We’ve been privy to some previews of next month’s LFF. What’s in store…
They (LFF) say: An aching, erudite drama about siblings living in an industrial valley at the base of a luxury ski resort in Switzerland.
We say: It’s a challenge to call to mind any Swiss films full stop, let alone films set in ski resorts (unless you want to admit to Chalet Girl?), so we were looking forward to watching Sister on that basis alone. Happily, it’s also a bit of a gem.
Based on the director’s own observations as a child skiing in the Jura mountains, Sister (titled ’Child at the top’ in French) follows 12-year-old Simon, as he travels symbolically and literally up in the cable car from the muddy, snowless industrial valley at the base of the mountain to the gleaming, wealthy resort up top. Lurking around the bars and cafes sporting a conveniently ubiquitous balaclava, we follow Simon as he relieves tourists of their ski equipment and paraphernalia, subsequently selling it on to school mates and a Scottish kitchen worker from one of the mountain-top restaurants (who is similarly on the make).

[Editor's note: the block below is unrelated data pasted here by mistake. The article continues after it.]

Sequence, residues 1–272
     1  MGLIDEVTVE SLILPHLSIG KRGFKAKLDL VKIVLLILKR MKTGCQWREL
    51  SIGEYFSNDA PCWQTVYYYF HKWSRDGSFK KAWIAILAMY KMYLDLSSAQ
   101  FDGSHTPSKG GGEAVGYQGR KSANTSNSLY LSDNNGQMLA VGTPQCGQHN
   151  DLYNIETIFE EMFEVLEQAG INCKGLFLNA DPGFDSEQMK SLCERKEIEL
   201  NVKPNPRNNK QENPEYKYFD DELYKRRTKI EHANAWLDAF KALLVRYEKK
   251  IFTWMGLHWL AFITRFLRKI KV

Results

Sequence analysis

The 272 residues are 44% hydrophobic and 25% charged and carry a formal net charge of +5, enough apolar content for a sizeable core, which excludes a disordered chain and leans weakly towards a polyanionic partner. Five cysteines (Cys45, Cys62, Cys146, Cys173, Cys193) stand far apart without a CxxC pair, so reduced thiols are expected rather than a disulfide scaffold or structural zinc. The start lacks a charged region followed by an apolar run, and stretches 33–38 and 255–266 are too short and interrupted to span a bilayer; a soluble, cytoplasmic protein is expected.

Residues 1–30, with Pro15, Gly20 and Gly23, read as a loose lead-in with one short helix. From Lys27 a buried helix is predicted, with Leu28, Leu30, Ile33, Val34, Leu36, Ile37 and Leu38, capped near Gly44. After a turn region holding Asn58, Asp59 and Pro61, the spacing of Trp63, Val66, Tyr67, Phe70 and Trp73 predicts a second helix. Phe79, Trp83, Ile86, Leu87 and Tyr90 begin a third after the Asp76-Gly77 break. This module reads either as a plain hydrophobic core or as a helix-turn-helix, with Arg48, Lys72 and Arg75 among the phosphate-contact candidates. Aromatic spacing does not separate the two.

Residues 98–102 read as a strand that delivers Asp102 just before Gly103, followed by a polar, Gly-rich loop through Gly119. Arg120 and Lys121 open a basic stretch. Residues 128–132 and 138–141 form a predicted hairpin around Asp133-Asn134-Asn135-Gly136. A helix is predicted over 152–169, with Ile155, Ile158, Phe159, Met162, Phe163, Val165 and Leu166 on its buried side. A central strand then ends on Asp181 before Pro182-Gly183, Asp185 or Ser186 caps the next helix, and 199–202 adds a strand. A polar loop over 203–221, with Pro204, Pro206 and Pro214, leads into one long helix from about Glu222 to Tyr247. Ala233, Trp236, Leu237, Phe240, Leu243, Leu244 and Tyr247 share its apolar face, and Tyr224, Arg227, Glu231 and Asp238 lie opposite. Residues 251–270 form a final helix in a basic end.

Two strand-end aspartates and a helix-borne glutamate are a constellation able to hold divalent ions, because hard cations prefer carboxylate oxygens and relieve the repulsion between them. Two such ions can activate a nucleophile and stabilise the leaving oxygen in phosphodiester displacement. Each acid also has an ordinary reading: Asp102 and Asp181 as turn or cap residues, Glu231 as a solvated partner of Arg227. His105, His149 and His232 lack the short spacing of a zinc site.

Simon’s precocious work ethic appears to derive from his provider status – for both himself and his older sister of the film’s title (Lea Seydoux). They depend on the money and packed lunches he brings down from the mountains, and supports her errant lifestyle of dossing and drinking binges.
The contrast between the grimy valley and the gleaming ski-resort atop creates a modern ’Upstairs Downstairs’ divide, with Gillian Anderson in a small cameo role as a wealthy English tourist who befriends Simon and dangles a much desired mother figure before him.
With a few revelations along the way as Simon tries to carve his place in the world, Sister is a disciplined, well thought out and beautifully shot piece of film making.